Summer wraps up with country fair
There are not many farms left in Wilton, but that doesn’t stop the Cannon Grange Agricultural Fair from being the traditional close-out to summer. Rain or shine, the 84th rendition of the annual fair will take place Sunday, Aug. 28, from 10 until 4, on the grounds of Grange Hall, 25 Cannon Road in Cannondale.
The annual event digs deep into Wilton’s farming roots while at the same time remaining relevant to inevitable changes. That’s why this year tradition marries innovation in the contests being offered.
In with the new
New this year is a contest for children based on 3-D printing. Contestants may enter something seen on a farm. Among those very supportive of this idea is the Ridgefield Library, said Bil Mikulewicz, one of the the fair organizers.
“The Ridgefield Library thought it was just wonderful,” he said. Like many area libraries, the Ridgefield Library has acquired 3-D printers and teaches classes for adults and children on how to use them. A course for fourth through eighth graders on how to make a suitable entry for the fair proved so popular there was a waiting list. In addition, a representative from the library will demonstrate how a 3-D printer works at the fair.
Wilton Library also has 3-D printers in its Innovation Station and Children’s Library. The printer in the Innovation Station is available to those 13 and older who have taken a class on how to use it. For information, visit wiltonlibrary.org and click on the Innovation Station icon, email firstname.lastname@example.org, or speak with Susan Lauricella in the teen department.
For children 12 and under, call the children’s department at 203-762-6336 for information.
Mikulewicz, who keeps chickens, said of 3-D printing, “there are lots of things I can see needing in terms of watering them, feeding them, that aren’t being sold in stores. … [3-D printing] has a lot of uses around non-commercial home gardens and livestock.”
Judging the 3-D category will be Judy Juracek, a Fairfield County author, theatrical designer and film scenic artist. She is a friend of Mikulewicz’s, the two of them having worked at CBS in Manhattan. “She did a lot of work computerizing CBS, plus she’s a designer and artist. I knew she’d be the perfect person,” he said.
The grange is also drawing on a recent trend with a contest in adult coloring. A template may be found on the grange website, cannongrange.org.
Other adult and junior crafts categories include jewelry, pressed flowers, woodworking, bead craft, items from recycled materials, and more.
In with the old
Just because the grange is picking up and running with new trends and technologies does not mean there isn’t room for more traditional aspects of a country fair.
Grange Hall will be filled with exhibits ranging from baked goods, fruits, vegetables, eggs, needlework, handicrafts, photography, homemade spirits, and flowers. Outdoors will be poultry, fowl and rabbits.
There will be live musical entertainment throughout the day along with games for children, topical demonstrations, and vendors selected to appeal to adults and teens.
The day will come to a close with the traditional messy but delicious watermelon-eating contest at 3:30, followed by an auction of baked goods, vegetables, fruit, and flowers from the exhibits at 4:15.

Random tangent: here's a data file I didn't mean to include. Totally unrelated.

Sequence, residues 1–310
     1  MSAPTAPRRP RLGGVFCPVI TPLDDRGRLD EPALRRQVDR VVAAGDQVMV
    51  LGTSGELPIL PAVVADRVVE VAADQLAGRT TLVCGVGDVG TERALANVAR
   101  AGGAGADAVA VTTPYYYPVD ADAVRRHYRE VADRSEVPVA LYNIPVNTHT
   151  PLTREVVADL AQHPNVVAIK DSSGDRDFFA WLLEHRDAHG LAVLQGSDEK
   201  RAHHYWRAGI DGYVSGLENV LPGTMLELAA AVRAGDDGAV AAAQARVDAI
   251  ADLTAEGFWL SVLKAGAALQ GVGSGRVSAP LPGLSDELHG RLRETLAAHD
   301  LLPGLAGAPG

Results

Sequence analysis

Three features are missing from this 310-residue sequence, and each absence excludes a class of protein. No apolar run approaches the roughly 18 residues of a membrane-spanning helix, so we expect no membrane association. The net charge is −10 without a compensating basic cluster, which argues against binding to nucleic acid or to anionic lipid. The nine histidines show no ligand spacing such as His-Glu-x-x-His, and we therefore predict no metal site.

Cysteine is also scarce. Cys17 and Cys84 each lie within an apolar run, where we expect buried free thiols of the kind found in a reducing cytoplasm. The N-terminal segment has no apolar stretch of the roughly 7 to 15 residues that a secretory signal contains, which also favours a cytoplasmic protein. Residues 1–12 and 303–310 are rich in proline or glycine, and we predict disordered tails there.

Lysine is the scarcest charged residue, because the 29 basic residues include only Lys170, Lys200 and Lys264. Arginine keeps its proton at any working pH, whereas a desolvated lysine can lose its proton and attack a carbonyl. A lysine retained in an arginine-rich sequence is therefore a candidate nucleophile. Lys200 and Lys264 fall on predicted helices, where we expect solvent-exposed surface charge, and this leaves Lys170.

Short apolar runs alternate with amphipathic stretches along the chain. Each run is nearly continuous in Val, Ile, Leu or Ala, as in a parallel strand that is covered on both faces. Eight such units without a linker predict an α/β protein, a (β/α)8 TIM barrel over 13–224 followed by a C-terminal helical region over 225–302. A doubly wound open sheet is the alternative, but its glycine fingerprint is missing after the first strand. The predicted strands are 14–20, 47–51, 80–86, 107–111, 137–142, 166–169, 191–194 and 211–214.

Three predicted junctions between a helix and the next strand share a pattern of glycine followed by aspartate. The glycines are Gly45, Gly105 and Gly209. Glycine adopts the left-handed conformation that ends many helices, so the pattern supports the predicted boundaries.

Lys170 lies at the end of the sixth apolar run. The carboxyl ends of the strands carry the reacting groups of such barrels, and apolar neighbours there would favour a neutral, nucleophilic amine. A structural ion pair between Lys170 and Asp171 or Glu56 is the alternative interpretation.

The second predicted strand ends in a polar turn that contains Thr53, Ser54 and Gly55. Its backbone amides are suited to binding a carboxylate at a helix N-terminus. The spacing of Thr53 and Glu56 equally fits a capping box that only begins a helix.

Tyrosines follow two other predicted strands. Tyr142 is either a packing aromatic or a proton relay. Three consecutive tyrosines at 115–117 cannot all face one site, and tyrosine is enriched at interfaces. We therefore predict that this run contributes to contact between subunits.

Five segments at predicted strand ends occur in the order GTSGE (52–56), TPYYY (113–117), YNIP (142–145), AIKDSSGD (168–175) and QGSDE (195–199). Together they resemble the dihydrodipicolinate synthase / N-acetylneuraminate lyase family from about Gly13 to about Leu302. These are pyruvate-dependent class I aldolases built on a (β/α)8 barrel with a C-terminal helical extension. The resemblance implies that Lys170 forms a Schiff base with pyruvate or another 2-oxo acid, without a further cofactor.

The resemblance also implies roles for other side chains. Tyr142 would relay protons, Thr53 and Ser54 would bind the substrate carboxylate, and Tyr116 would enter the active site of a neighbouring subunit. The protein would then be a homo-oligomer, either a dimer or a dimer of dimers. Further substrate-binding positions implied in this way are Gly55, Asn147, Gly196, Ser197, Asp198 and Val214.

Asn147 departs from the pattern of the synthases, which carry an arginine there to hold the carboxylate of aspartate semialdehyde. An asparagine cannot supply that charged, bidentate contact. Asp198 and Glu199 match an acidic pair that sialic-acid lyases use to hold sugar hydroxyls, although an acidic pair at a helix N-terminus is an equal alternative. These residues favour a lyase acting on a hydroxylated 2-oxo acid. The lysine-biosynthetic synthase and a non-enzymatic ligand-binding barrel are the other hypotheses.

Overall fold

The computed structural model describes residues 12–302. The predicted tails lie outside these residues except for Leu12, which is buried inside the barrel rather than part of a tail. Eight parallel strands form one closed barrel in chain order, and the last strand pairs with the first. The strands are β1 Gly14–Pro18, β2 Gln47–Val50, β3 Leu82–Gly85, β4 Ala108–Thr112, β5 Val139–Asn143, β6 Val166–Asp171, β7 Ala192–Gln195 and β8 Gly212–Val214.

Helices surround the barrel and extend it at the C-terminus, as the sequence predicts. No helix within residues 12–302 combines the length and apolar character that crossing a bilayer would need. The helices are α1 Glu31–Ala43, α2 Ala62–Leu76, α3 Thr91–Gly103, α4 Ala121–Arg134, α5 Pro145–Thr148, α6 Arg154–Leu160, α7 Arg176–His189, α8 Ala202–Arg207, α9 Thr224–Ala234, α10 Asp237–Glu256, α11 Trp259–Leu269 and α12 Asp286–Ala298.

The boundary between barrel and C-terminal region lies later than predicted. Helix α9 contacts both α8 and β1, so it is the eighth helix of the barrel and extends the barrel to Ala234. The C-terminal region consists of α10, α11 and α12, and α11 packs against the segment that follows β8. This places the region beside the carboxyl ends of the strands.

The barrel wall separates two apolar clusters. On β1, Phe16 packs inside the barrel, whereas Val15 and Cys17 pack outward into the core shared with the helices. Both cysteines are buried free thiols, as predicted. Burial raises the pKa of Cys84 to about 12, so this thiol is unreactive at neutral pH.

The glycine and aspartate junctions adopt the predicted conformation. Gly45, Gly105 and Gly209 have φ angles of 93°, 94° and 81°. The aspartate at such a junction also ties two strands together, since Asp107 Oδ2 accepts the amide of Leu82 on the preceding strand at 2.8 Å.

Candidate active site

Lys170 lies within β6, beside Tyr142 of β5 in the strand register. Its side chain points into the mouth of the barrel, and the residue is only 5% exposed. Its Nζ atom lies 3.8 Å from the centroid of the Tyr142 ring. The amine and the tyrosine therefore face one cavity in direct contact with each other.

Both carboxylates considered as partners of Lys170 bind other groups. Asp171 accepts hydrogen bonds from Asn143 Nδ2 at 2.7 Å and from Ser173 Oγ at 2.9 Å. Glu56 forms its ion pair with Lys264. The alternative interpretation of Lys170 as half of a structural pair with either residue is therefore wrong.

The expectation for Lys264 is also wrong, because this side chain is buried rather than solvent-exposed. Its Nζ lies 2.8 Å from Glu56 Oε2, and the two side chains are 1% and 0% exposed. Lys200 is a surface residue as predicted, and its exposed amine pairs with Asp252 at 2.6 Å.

There are many food-oriented contests in the fair from brownies and chocolate chip cookies to two-crusted and single-crusted pies, coffee cake, cupcakes, quick breads, muffins, jellies and jams, relish, pickles, honey, and bread. There is even a category for a gluten-free recipe.
This year’s fermented food category is sour kraut. The Cannon Grange Perpetual Trophy will be awarded to the best apple strudel by anyone of any age.
There are also three Association of Connecticut Fair contests.
The adult contest is rather challenging this year as entrants must make a six-layer chocolate cake with toasted marshmallow filling and malted chocolate frosting. This contest is open to adults and juniors.
The junior baking contest requires the submission of lemon-glazed blueberry hand pies with a cream cheese crust. Entrants must be between the ages of 7 and 15 as of July 1.
There is also the annual two-crusted apple pie contest.
All entries will be judged on appearance, flavor, texture, aroma, and following directions.
Baking contest winners will receive a blue ribbon and be eligible to submit their entry at the Annual Meeting of the Association of Connecticut Fairs, which will be held on a Saturday in the fall.
Returning this year will be the decorated plywood lambs. Prizes will be given for most original, realistic, whimsical, and fairgoer’s choice.
Lambs must be reserved by emailing email@example.com. They may be paid for and picked up at Grange Hall on Saturday, Aug. 13, from 11 to 2. Decorated lambs must be returned on Saturday, Aug. 27, from 1 to 4. Unpainted lambs for children are $15; unpainted lambs for adults are $20.
All the rules, regulations and descriptions of categories to enter as well as recipes, are detailed in the fair’s bright green program booklet, available from area merchants, at town hall and Wilton Library. It is also available online at cannongrange.org.
All entry forms must be mailed in time for the last pickup at the Wilton post office at noon on Aug. 27.
Parking is available at the Cannondale Railroad Station. Admission is $2 per person, or $1 with a canned good donation for the Wilton Interfaith Food Pantry.